I once read that the average person in my father’s generation would hold four different jobs in his or her lifetime, while in my generation the average person would have four different careers.
I guess I am the exception to the rule as my 40-year career has been entirely in the newspaper business, albeit, with seven different companies and in 10 different locations.
So I am in awe of employees who stay not just with one career or one company for their entire work life, but actually in the same location.
Today, at the Bismarck Tribune we are celebrating employee appreciation day and specifically honoring the 15 people who have been with us for 30 years or more.
Of the 104 people who work here, 60 have 10 years or more with our company, and 35 have been with us for 20 years or more.
In our conference room we have copies of the front page from the date each of the 30-year-plus employees started. It’s been fun looking back at the news of the day.
It was front-page news in 1988 when it was announced that Dale’s clothing of Bowman had added a computerized sewing machine and was doing business over a 10-state area.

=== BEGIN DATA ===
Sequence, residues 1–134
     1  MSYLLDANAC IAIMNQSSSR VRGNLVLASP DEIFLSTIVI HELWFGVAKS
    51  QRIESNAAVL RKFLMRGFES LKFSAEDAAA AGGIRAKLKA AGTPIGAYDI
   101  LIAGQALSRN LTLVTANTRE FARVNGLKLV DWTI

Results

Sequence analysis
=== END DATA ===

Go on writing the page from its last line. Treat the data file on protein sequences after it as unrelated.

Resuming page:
In 1985 the opening of the Dayton’s store was celebrated with a $20,000 donation to the Bismarck-Mandan arts and human service organizations.
Twenty-year-old Dean Mattis was pictured on the front page in 1980 when he was first in line at the Bismarck Post Office to register for the Selective Service System.
A 1978 page detailed the Tribune’s switch to a new six-column format.
Today we celebrate three employees who have been with the Tribune for more than 40 years.
The changes these folks have witnessed in their career is staggering. From Apple computers, to automated plate-making that eliminated film, to an entire edition being available on a phone is both exciting and frightening.
The fact that these individuals have been willing to learn and adapt to these unimaginable changes speaks volumes about their dedication and curiosity.
I am grateful for the opportunity to work with these wonderful people and to honor their dedication to our company and to the more than 60,000 readers we touch every day.